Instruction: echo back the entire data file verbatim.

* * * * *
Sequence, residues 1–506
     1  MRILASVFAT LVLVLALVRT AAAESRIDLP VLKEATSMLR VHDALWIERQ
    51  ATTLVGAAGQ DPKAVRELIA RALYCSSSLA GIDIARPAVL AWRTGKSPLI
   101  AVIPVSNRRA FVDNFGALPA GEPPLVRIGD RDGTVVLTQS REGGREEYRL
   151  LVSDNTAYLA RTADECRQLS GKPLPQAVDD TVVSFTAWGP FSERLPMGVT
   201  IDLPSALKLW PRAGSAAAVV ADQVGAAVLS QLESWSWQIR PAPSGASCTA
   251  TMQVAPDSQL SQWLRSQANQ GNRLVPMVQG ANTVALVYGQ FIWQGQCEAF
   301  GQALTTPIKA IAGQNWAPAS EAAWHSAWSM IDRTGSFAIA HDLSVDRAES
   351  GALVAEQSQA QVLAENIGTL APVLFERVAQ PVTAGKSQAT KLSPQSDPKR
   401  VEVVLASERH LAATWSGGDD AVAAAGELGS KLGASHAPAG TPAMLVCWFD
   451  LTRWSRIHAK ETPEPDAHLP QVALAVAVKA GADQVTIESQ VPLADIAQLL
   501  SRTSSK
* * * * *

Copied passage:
Sequence, residues 1–506
     1  MRILASVFAT LVLVLALVRT AAAESRIDLP VLKEATSMLR VHDALWIERQ
    51  ATTLVGAAGQ DPKAVRELIA RALYCSSSLA GIDIARPAVL AWRTGKSPLI
   101  AVIPVSNRRA FVDNFGALPA GEPPLVRIGD RDGTVVLTQS REGGREEYRL
   151  LVSDNTAYLA RTADECRQLS GKPLPQAVDD TVVSFTAWGP FSERLPMGVT
   201  IDLPSALKLW PRAGSAAAVV ADQVGAAVLS QLESWSWQIR PAPSGASCTA
   251  TMQVAPDSQL SQWLRSQANQ GNRLVPMVQG ANTVALVYGQ FIWQGQCEAF
   301  GQALTTPIKA IAGQNWAPAS EAAWHSAWSM IDRTGSFAIA HDLSVDRAES
   351  GALVAEQSQA QVLAENIGTL APVLFERVAQ PVTAGKSQAT KLSPQSDPKR
   401  VEVVLASERH LAATWSGGDD AVAAAGELGS KLGASHAPAG TPAMLVCWFD
   451  LTRWSRIHAK ETPEPDAHLP QVALAVAVKA GADQVTIESQ VPLADIAQLL
   501  SRTSSK